Equal parts heart-warming and moving, Stephen Akey’s memoir, Raccoon Love, documents his marriage: its romantic start, the joyous, fun-filled years that followed, and its painful decline.
After only a few meetings, Akey and Lucy fell in love and settled down. They had met in the 1980s through a personal ad, a convenient way for an amiable, employed but painfully shy New Yorker to find a girlfriend. Although their marriage later disintegrated, the in-between years were filled with wonderful moments, including magical times spent in the Adirondacks. “We were like a pair of raccoons in their den: creaturely, warm, furry, and clinging to each other for love and security,” Akey writes of their early relationship.
Akey skilfully captures the raw emotions he experiences in his marriage and life: the desperation he feels watching his mother’s health deteriorate; his disillusionment when his marriage starts to disintegrate; the depression he carries from past trauma and from seeing his treasured relationship crumble. But sad moments are tempered by light, humorous ones, including a delightful conversation he has with his young son about dinosaurs and volcanoes, and his interesting, hilarious opinions of others, including Lucy’s hostile best friend.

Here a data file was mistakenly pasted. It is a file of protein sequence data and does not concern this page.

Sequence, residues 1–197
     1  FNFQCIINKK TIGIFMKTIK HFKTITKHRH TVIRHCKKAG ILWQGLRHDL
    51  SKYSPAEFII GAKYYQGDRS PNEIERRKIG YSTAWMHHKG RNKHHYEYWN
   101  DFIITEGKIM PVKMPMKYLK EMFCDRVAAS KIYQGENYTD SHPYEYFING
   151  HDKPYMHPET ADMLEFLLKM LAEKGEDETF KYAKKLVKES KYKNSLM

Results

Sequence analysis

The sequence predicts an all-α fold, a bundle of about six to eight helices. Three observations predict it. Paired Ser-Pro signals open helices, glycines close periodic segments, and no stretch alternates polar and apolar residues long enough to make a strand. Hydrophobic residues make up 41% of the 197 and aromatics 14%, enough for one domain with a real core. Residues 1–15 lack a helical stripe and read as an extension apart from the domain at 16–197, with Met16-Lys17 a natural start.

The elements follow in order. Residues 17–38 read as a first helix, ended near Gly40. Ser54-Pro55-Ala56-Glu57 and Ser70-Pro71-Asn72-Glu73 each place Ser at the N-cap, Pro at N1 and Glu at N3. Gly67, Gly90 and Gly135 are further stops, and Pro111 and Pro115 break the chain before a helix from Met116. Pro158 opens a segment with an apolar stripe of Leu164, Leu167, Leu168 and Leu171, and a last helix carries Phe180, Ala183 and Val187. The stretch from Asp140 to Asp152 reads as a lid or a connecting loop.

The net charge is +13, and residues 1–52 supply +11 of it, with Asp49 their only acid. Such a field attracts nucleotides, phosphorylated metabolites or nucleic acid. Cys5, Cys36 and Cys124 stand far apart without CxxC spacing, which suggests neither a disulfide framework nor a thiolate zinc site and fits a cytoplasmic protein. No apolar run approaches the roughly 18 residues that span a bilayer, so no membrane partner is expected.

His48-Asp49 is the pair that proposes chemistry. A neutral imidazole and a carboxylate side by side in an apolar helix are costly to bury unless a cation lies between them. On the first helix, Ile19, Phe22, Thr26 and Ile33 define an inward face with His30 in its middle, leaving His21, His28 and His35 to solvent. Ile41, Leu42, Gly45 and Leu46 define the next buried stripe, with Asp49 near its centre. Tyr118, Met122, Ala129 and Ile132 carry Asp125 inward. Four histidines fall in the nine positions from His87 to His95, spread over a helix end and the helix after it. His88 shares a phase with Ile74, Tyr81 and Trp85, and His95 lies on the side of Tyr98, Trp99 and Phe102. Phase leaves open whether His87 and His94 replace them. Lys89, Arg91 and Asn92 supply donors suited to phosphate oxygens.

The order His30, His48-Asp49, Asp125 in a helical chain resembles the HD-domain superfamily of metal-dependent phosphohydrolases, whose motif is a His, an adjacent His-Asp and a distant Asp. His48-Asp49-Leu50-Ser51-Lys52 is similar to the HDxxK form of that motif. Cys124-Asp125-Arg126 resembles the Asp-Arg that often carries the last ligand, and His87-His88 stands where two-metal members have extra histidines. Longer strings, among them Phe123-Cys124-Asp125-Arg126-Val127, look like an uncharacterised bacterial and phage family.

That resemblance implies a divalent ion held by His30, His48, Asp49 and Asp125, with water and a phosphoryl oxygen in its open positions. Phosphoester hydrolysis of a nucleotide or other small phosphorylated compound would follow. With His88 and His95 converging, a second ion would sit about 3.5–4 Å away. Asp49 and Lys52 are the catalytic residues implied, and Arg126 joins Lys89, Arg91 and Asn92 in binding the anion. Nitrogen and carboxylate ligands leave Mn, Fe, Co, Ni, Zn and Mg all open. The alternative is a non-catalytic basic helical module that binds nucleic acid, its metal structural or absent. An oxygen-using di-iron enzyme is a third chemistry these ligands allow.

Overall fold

The memoir also offers captivating philosophical discussions about topics such as ethnic and cultural identity, art, feminism, masculinity, love, and fate, with references to René Girard, Friedrich Nietzsche, Plato and others.
Akey reflects on what he could have done differently as a husband. Admirably, he never succumbs to easy answers. The result is an insightful memoir, sure to satisfy readers who appreciate nuance, honesty and love, however imperfect.
“Did we utterly fail? Are we merely a cautionary tale?” Akey writes. “Some will think so; for all I know, they may be right. Yet I firmly believe that being in love with another person and having that love reciprocated, however badly it may end, however briefly it may last, is the biggest, greatest, grandest thing that will ever happen to any of us.”